Column: Mick Cronin’s Westwood spell is transforming Bruins into NCAA bluebloods
This Wizard isn’t calm.
He paces in front of the bench with his blue mask down on his chin, pointing and screaming.
Sometimes, he looks as if he’s punching an invisible man only he can see.
“He was telling us it’s not over,” junior forward Cody Riley recalled.
What prompted Cronin’s high-volume address? Abilene Christian had reduced UCLA’s lead to 17.
The UCLA Bruins are headed to the Sweet 16 for the first time since 2017 after a 67-47 win over Abilene Christian in the NCAA tournament second round of March Madness.
No detail is too small and no shift in momentum is too insignificant for the second-year coach, which is why the Bruins are headed back to the Sweet 16 after a 67-47 victory over the Wildcats.
UCLA is only four years removed from the last time it played into the NCAA tournament’s second weekend, but it feels much longer than that because of the depths to which the program sunk under Steve Alford.
While Alford reached the Sweet 16 in three of his first four seasons in Westwood, his teams were never as endearing as the current squad.
These Bruins don’t commit the kinds of acts of self-sabotage for which Alford’s teams were known. Rather than frustrate spectators with their lack of structure and discipline, they inspire with their smarts and cohesion.
They have become the embodiment of their fiery but affable sideline sorcerer, who has miraculously changed their culture and made them only the fifth First Four team to ever advance to a regional semifinal.
“They’ve shown a lot of character,” Cronin said. “They’re really easy to coach right now.”
The 11th-seeded Bruins don’t leave their alumni wondering how much better they could be. They’re not a team that would lose to a school like Liberty — or Abilene Christian.
Highlights from UCLA’s 67-47 win over Abilene Christian in the second round of the NCAA tournament on Monday.
They did to the 14th-seeded Wildcats what a big-time program should do against a mid-major, creating separation with an 18-0 run in the first half and never letting them close the distance.
UCLA had every advantage — in size, in athleticism, in skill.
Abilene Christian’s only chance was to create havoc with the same swarming defense that forced 23 turnovers in a first-round upset of No. 3 seed Texas.
The Bruins didn’t turn over the ball for the first eight minutes. They committed only three turnovers in the entire first half.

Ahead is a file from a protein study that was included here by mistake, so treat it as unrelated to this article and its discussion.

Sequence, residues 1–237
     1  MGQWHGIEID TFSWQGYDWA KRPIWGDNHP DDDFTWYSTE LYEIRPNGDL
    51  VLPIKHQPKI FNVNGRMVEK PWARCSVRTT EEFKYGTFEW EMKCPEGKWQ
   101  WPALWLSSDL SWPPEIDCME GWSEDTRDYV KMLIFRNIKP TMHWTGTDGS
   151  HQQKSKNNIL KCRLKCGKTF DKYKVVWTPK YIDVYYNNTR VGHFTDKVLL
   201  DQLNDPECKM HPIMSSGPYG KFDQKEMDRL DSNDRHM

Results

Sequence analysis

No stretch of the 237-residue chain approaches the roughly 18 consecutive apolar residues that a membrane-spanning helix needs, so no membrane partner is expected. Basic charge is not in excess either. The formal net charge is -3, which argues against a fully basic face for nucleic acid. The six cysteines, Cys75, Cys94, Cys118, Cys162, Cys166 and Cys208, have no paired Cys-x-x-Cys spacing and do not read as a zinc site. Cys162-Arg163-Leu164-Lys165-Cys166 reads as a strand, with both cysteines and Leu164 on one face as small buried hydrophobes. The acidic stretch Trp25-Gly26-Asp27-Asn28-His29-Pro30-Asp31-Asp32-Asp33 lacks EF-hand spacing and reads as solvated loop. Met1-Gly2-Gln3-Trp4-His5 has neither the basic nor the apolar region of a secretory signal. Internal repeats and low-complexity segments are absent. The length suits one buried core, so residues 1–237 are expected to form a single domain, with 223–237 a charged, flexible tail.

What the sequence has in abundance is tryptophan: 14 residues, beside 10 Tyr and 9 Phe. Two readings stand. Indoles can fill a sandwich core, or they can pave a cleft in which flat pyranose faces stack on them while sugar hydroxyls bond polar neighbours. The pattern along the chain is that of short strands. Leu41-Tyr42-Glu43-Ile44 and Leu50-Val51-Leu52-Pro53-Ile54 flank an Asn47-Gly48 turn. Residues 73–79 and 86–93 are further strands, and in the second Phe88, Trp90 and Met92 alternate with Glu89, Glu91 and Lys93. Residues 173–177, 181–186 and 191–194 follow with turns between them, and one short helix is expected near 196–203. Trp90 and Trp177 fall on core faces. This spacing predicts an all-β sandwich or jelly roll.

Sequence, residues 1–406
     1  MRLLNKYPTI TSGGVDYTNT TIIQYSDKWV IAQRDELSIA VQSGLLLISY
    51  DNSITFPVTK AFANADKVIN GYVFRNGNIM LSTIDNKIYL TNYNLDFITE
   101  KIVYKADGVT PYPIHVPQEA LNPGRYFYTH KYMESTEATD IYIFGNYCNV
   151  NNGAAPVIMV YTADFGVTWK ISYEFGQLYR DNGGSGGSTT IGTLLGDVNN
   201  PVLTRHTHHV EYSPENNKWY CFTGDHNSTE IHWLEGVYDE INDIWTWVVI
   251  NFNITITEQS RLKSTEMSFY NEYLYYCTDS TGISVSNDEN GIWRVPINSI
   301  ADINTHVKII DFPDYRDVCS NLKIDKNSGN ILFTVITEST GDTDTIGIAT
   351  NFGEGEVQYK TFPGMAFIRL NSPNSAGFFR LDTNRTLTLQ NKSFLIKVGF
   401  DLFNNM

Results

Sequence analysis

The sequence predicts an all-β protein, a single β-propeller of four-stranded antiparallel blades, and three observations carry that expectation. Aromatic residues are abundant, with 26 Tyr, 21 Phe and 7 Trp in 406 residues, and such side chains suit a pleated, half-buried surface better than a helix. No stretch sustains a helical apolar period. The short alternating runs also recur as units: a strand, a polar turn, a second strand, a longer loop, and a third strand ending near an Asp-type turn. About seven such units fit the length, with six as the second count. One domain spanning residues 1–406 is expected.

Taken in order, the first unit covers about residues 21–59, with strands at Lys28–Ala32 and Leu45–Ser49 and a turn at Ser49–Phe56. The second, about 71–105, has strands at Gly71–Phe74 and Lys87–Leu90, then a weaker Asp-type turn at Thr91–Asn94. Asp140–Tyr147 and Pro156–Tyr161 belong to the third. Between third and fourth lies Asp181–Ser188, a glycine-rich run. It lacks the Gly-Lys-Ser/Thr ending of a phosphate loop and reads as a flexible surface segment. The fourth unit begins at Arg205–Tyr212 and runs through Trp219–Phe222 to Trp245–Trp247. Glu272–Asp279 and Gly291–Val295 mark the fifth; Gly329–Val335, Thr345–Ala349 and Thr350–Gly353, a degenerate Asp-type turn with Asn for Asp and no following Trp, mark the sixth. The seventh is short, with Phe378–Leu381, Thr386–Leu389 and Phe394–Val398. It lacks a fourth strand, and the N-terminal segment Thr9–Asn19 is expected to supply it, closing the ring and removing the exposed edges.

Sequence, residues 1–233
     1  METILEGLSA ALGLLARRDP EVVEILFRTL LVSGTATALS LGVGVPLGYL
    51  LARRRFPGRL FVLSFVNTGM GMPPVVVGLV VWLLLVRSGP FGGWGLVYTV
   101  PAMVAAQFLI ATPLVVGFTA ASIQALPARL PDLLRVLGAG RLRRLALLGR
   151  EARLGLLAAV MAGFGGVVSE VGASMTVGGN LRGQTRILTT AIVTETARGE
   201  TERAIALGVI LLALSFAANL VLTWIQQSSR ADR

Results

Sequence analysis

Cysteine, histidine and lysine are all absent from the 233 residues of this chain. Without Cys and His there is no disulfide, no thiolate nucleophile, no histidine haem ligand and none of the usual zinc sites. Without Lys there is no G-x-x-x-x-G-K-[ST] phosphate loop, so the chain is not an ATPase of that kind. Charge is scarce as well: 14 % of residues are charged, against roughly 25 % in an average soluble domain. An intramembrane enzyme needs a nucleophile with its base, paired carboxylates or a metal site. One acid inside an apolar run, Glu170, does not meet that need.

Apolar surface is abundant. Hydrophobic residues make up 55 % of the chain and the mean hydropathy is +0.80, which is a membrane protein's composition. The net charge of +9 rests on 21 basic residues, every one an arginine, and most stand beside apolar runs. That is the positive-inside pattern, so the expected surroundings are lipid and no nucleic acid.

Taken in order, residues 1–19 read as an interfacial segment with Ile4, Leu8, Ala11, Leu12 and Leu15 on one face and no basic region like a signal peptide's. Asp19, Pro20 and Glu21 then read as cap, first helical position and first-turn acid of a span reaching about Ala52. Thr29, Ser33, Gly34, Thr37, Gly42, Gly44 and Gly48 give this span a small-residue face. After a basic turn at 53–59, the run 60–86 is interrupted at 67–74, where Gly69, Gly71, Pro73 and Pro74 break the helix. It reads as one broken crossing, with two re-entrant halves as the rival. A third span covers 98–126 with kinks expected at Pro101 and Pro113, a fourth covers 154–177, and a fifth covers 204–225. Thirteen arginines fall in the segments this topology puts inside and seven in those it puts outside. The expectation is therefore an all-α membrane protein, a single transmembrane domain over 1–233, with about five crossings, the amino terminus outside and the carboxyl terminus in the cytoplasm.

They outrebounded the small Wildcats. They played solid defense.
Considering how they didn’t always do that before Cronin became their coach, the most remarkable aspect of their performance was how unspectacular it was.
Johnny Juzang, the lone sure-fire future NBA player on the team, was only two for seven shooting in the first half and finished with 17 points. Didn’t matter. The Bruins didn’t have to rely on a spectacular individual effort to advance. The fundamentals sufficed.
Cronin is Ben Howland with a better personality, a Midwestern family man who was cheered on in the stands by his father, daughter and also-hairless brother.
Chances are you’ve heard Ryan Gesas if you’ve been watching UCLA’s March Madness run. Here’s how he ended up in a crazy video with Martin Jarmond.
Transforming a program in two seasons would be a significant achievement under any conditions, but Cronin did it over two seasons that were disrupted by the COVID-19 pandemic.
UCLA’s entire postseason was wiped out last year, meaning the young team lost an opportunity to gain experience in the Pac-12 and NCAA tournaments. With their campus closed, the Bruins couldn’t practice from March through September.
“We did not see our players for six months,” Cronin said, pointing to how many teams on the East Coast and in the South staged summer workouts while the Bruins were temporarily disbanded. “My biggest fear was [in] six months, we’re going to be starting over.”
But the players have bought into his philosophy of learning how to do what he calls the “hard, uncomfortable things.” They also learned by experience, with Cronin remarking how a four-game losing streak entering the NCAA tournament was beneficial.
“I think what they have learned is one or two mistakes can beat you,” Cronin said.
The spell that Cronin has cast on the Bruins has them believing that they didn’t sneak into the VIP section of the Big Dance, but that they really belong there. Next weekend, he will be shouting and gesturing on the sidelines again, trying once more to conjure a blue-collared version of magic that has rejuvenated a blue-blood program.
Go beyond the scoreboard
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